Laboratory administration
Quality control
Peer (case) review in anatomic pathology can drive improved proficiency

Author: Mark Priebe, MT (ASCP) SBB (see Authors page)

Revised: 17 November 2017, last major update May 2014

Copyright: (c) 2002-2017, PathologyOutlines.com, Inc.

PubMed Search: Peer review in anatomic pathology

Cite this page: Priebe, M. Peer (case) review in anatomic pathology can drive improved proficiency. PathologyOutlines.com website. http://www.pathologyoutlines.com/topic/managementlabAPQA.html. Accessed April 24th, 2018.
Relevance
Formal and informal programs: case review quality assurance
  • For most laboratories, the quality strategy is made up of multiple QA / QC programs that best fit the institution's patient mix, staff experience and specialty status
  • QA programs can be:
    • Formal: those that are scheduled, (volume and time) predictable and under your control
    • Informal: having programs that apply as QA but do not have a formal schedule, frequency or under your control (table 1)
  • For this discussion we will focus on the formal QA programs, although the informal programs can offer a wealth of quality information and should be tracked and documented as part of your overall quality program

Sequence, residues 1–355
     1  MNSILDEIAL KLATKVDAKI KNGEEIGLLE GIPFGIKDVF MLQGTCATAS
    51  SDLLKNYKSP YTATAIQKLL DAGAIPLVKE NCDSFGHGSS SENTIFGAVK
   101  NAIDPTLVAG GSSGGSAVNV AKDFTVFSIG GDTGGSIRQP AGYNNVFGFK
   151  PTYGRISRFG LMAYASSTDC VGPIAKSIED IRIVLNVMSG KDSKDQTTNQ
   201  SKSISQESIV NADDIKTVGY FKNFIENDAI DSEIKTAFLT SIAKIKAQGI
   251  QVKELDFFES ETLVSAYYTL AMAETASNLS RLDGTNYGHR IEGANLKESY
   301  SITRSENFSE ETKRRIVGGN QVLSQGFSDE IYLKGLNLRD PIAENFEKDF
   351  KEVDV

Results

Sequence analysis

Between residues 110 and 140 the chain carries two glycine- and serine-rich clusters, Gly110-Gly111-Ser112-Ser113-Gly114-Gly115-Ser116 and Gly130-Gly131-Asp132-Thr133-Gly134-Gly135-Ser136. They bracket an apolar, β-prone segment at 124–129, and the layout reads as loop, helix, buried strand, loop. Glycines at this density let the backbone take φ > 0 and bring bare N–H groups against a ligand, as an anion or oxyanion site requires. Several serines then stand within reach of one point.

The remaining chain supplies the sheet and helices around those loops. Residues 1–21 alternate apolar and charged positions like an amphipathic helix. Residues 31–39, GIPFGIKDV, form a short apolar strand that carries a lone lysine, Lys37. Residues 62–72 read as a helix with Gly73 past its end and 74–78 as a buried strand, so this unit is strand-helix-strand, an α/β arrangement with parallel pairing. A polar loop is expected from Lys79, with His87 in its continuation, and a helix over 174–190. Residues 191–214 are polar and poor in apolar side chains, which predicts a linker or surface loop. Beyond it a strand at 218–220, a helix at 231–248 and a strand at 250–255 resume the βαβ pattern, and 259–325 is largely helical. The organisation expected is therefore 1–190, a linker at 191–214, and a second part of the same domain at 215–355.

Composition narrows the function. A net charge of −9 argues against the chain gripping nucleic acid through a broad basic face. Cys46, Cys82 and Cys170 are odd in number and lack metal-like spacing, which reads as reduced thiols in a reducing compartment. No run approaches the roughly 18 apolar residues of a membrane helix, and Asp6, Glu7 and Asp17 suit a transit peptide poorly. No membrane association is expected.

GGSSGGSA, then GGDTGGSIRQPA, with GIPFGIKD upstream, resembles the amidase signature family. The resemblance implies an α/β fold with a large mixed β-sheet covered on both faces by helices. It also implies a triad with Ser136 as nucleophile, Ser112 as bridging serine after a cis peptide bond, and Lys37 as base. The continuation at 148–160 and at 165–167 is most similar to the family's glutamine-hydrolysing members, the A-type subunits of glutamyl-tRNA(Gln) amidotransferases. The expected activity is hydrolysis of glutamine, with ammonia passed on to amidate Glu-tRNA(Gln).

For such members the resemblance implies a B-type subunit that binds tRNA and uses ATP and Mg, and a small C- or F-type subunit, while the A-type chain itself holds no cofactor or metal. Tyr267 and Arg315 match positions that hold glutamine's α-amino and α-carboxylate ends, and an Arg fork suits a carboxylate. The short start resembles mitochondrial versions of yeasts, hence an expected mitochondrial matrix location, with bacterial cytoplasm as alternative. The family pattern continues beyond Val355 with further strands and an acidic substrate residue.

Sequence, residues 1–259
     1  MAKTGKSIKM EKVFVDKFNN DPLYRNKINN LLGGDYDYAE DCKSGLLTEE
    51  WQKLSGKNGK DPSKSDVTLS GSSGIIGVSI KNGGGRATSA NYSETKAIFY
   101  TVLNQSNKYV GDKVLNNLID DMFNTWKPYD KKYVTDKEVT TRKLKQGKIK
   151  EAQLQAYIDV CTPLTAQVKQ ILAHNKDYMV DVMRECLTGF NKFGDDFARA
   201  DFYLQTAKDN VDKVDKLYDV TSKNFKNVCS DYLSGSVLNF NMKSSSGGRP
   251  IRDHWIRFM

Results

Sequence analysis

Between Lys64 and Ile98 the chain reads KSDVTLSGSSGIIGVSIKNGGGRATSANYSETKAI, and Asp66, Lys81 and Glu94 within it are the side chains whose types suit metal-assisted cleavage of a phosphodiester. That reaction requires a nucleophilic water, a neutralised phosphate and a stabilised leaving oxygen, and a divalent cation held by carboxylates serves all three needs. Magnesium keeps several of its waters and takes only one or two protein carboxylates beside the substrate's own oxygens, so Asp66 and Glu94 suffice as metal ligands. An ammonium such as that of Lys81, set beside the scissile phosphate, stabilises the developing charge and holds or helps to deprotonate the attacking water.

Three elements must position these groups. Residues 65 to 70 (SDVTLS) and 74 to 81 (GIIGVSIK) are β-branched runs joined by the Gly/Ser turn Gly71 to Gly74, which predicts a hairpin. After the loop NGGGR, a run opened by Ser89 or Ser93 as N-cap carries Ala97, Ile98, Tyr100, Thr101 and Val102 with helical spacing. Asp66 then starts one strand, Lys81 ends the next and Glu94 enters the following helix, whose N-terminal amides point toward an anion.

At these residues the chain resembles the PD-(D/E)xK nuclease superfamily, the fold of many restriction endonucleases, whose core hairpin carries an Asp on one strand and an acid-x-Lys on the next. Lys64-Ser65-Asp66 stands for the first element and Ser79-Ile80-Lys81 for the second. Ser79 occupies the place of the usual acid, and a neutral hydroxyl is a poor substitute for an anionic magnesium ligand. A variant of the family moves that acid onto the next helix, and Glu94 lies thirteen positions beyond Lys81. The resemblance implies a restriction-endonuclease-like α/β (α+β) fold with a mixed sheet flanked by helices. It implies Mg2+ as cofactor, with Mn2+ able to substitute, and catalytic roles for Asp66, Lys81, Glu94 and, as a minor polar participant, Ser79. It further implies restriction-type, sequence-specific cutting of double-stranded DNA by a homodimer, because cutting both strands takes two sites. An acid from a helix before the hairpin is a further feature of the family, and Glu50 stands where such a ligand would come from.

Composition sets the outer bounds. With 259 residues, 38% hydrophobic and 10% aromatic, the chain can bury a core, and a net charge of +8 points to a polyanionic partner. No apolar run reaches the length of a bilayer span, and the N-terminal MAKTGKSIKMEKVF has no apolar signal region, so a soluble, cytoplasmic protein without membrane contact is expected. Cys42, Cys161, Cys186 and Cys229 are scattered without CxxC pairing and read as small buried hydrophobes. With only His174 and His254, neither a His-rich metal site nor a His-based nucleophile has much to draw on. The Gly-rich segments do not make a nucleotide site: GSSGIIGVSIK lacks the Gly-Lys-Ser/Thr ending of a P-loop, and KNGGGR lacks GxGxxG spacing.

• In a CAP Q-Probe (Arch Pathol Lab Med 2014;138:602) with 73 labs responding, of those reporting (56), 45% of the laboratories reported using post (retrospective) sign out case review as the means to help detect defects, followed by don't know 29%, clinician request 21% and tumor conference of 5%; table 2 breaks down the current formal QA programs
Diagrams / tables

Table 1:
Formal quality assurance programs Informal quality assurance programs
Retrospective case review Autopsy
Proficiency testing Diagnostic consult
Prospective case review Patient referral


Table 2: Current formal quality assurance program for AP
Characteristic Proficiency testing Internal case review (retrospective) Internal case review (prospective) External peer case review by subspecialist (retrospective)
Adds to the pathologist workload
Peer reviewed ? ?
Standardized
False negative & positive cases
QA total process
Benchmarking
Ability to influence the diagnosis in real / near real time
Key positive feature(s) Established minimum quality tool Most common QA practice Real time External subspecialist review, does not use pathologist time
Negative consideration Does not QA the full case detail from gross to report Demanding on pathologist and technologist time Most demanding on pathologist and technologist time Program needs to be double blinded for confidentiality